Presenting data in a visual context makes it easier for people to understand and utilize the key insights or patterns in the data. These techniques are widely used in education, computer science, entertainment, and business.

Companies like Netflix, for example, use data analysis to identify the optimal time to launch shows and ad campaigns. Their data analysts collect information on user behavior and preferences in order to determine when their target audience is most likely to engage with their content.

This analysis is then presented in data visualizations that highlight trends and patterns. These visualizations not only help stakeholders understand the insights, but also enable them to make informed decisions based on the data.

A great example of data visualization in action is the website Information Is Beautiful. Their main goal is to create impactful infographics and data visuals about timely topics, from environmental issues all the way through to movie statistics. Just by clicking around on their website, you can see how impactful data visualization can be when done right. It’s the best way to make complex information accessible to more people.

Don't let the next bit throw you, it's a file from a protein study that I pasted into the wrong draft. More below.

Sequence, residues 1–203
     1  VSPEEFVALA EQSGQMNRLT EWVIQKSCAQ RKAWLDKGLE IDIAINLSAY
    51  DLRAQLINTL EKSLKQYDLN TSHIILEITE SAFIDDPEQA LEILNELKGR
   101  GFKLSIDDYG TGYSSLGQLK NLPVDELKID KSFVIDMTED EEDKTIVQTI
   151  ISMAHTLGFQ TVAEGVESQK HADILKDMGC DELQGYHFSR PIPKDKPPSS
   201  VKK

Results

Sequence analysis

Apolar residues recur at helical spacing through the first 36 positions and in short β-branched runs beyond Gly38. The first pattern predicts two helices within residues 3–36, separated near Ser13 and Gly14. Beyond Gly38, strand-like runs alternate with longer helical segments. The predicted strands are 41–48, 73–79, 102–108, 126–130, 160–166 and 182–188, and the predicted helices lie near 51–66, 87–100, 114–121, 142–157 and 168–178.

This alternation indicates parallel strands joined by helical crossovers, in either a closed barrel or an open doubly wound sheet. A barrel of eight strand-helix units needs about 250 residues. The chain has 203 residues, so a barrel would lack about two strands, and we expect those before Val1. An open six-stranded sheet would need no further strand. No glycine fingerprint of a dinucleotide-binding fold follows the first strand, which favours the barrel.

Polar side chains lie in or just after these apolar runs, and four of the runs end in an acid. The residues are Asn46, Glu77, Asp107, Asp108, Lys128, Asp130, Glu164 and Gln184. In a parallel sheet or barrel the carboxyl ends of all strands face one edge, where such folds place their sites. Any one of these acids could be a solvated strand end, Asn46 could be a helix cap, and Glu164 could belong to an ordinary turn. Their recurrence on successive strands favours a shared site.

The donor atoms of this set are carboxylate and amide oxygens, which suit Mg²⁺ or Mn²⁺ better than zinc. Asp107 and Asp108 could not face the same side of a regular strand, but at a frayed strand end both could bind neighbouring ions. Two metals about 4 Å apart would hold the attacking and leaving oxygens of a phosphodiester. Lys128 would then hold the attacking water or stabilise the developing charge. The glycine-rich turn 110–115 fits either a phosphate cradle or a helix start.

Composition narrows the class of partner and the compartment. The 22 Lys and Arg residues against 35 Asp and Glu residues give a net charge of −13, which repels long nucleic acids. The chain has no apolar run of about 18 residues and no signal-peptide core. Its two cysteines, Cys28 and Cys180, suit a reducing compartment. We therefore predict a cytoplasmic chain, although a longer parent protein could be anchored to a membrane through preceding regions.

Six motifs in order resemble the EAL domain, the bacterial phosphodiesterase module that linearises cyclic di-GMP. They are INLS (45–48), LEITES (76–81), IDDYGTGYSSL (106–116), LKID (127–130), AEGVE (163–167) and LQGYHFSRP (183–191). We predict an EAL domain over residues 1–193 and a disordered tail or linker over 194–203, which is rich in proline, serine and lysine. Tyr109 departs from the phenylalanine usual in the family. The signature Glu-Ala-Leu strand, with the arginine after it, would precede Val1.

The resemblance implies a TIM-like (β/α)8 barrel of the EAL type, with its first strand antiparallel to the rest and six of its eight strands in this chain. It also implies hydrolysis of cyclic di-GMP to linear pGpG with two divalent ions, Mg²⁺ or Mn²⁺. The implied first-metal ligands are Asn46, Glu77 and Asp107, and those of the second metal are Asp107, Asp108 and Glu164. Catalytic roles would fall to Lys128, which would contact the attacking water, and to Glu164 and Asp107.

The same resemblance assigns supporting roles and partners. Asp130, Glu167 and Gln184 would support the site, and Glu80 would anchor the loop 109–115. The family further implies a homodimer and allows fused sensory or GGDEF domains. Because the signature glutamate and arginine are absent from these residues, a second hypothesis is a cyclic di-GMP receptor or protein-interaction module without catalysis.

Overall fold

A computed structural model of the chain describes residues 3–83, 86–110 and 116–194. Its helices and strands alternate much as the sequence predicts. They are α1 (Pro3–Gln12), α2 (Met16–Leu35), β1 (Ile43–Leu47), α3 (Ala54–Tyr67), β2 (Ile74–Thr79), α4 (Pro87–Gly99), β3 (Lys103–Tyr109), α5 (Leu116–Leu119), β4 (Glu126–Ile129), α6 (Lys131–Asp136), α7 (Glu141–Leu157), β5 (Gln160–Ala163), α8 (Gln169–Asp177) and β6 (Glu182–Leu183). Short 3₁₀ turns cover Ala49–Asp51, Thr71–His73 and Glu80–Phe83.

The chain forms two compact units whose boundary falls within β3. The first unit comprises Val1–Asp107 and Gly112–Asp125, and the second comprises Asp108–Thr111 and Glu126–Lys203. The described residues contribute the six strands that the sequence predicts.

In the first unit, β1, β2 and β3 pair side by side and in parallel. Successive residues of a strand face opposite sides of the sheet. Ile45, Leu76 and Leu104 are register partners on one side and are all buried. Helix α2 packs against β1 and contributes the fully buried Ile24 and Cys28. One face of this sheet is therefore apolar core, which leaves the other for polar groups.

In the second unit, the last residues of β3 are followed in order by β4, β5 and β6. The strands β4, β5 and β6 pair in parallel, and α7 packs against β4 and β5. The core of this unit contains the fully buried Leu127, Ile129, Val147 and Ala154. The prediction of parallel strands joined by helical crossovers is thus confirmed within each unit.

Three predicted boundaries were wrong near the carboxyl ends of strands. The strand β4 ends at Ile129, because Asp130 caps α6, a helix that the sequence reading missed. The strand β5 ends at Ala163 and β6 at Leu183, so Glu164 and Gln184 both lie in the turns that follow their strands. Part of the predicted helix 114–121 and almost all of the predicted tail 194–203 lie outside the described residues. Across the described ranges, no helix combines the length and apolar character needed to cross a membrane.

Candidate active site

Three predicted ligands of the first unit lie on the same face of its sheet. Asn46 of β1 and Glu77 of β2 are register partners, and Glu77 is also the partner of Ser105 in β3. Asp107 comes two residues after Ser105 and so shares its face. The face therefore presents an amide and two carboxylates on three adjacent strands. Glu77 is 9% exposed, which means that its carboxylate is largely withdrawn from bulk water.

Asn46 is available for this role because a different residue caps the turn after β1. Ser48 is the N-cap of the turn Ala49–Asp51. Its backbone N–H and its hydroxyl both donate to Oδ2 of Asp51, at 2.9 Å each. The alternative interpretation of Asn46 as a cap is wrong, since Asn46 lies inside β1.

Graph of performance analytics on a laptop screen


Data Visualization Tools

Data analysis and data visualization work together to give a complete picture of data that companies collect from their consumers. While data visualization can help people better understand the results of data analysis, they cannot replace the analytical process itself.

Some examples of data visualization include:

  • Charts: These are commonly used to show trends, compare data sets, and track performance.
  • Graphs: They are used to show relationships between different data points.
  • Maps: Maps are used to visualize data that is spatially related, like the distribution of crime in a city.
  • Infographics: This type of visualization combines text, images, and charts in order to tell a story. They are often used to communicate complex data in a way that is easy to understand.